First, the testing of enteric viruses in Ontario is limited to adenovirus, rotavirus, and norovirus (both genogroup I, or GI, and genogroup II, or GII). Astrovirus and sapovirus are not tested routinely. It should be noted that co-infection or the detection of multiple viral pathogens in respiratory or stool samples of both sick and healthy (asymptomatic) individuals has been reported globally [5, 9]. Typically, during common-source gastroenteritis outbreaks, such as those which occur from contaminated water, co-infection with multiple unrelated viruses can be common. For example, during a paediatric gastroenteritis outbreak in Finland, in which contaminated drinking water was the source, a combination of rotavirus, norovirus and sapovirus co-infection was detected [5]. Therefore, it may be plausible that the mere identification of a pathogen in a sample, or in all initial four specimens, does not mean that this is the only agent which may be circulating in all symptomatic or even asymptomatic contacts. The less samples tested among probable cases, the less chances of understanding if multiple pathogens may be circulating at the same time [13]. In a recent respiratory outbreak in a long-term care home in London, Ontario, respiratory syncytial virus was detected in nine residents. Additional testing revealed the circulation of metapneumovirus and coronavirus (OC43/229E/NL63/HKU1) in residents and staff at the same time. Although the identification of single or multiple etiologic agents is unlikely to significantly alter the transmission-based precautions or the overall outbreak response strategy, it is necessary to assess the scope, prognosis, and discern a true period of communicability in order to have an accurate determination of how the outbreak may evolve, or when it may be over.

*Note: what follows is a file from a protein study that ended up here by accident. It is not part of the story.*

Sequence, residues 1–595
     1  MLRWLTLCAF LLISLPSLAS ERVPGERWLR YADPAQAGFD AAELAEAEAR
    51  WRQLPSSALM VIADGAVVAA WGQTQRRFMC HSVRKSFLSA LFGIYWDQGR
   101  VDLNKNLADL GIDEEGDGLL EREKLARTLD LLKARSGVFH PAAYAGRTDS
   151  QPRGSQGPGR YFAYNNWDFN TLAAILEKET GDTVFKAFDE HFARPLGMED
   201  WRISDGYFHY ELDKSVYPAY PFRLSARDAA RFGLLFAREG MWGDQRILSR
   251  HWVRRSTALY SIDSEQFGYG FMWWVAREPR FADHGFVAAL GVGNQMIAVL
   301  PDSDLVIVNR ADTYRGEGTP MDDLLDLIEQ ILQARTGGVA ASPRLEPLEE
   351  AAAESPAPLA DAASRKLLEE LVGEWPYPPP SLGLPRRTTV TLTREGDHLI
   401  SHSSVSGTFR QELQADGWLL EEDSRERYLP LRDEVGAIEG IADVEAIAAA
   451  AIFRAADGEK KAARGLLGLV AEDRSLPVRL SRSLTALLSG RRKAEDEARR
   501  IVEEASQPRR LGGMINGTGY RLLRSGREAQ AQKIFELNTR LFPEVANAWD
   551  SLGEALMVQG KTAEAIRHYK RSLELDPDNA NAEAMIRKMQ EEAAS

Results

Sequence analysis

Next, the issue of asymptomatic infection or transmission is often not fully considered. Although respiratory or enteric viral agents may be detected in individuals with symptoms, the causality between the detected virus and symptoms is often difficult to prove. There are several reports in literature of respiratory and enteric virus infection among healthy persons [14, 15, 16, 17]. For example, the human gut virome studies that specifically test for viral pathogens have shown that some individuals with detectable enteric virus loads in the stool may be free of clinical symptoms or disease pathology [18, 19]. In an earlier study, we showed that about 35% of adults in a cohort were infected with enteric viruses, but remained asymptomatic, and were a source of infection to susceptible or other vulnerable persons [13]. Also, virus detection in asymptomatic persons has been observed considerably during the COVID-19 pandemic, and it has been shown that asymptomatic individuals also contribute to transmission [20].

Together, the identification of the full aetiology of disease outbreak allows for a better understanding of the prognosis, and this can help to accurately identify persons (both symptomatic or asymptomatic) who may be carrying the pathogen or multiple pathogens as they constitute risk of transmission to others. Also, knowing both symptomatic and asymptomatic infected individuals would give a more accurate idea of the scope of the outbreak, and transmission could be more profound if there is a likelihood of asymptomatic carriage, or persons with mild symptoms which are not reported. Testing just the initial four or five symptomatic residents neglects the fact that there may be asymptomatic infected persons who are part of the transmission network, and this can significantly impact epidemiological tracking, case isolation, and cohorting.

In conclusion, breaking the chain of transmission during an outbreak requires a full understanding of the epidemiological picture. Besides the PHOL criteria for additional testing, it is important to also consider exposure and risk assessment, regardless of symptoms.


1. Ontario Ministry of Health and Long-Term Care. Control of respiratory infection outbreaks in long-term care homes, 2018. Toronto, ON: Queen’s Printer for Ontario; 2018. Available from: http://health.gov.on.ca/en/pro/programs/publichealth/oph_standards/docs/reference/RESP_I nfectn_ctrl_guide_LTC_2018_en.pdf.\

2. Ontario. Ministry of Health and Long-Term Care. Recommendations for the control of gastroenteritis outbreaks in long-term care homes. Toronto, ON: Queen’s Printer for Ontario; 2018. Available from: http://www.health.gov.on.ca/en/pro/programs/publichealth/oph_standards/docs/reference/C ontrol_Gastroenteritis_Outbreaks_2018_en.pdf.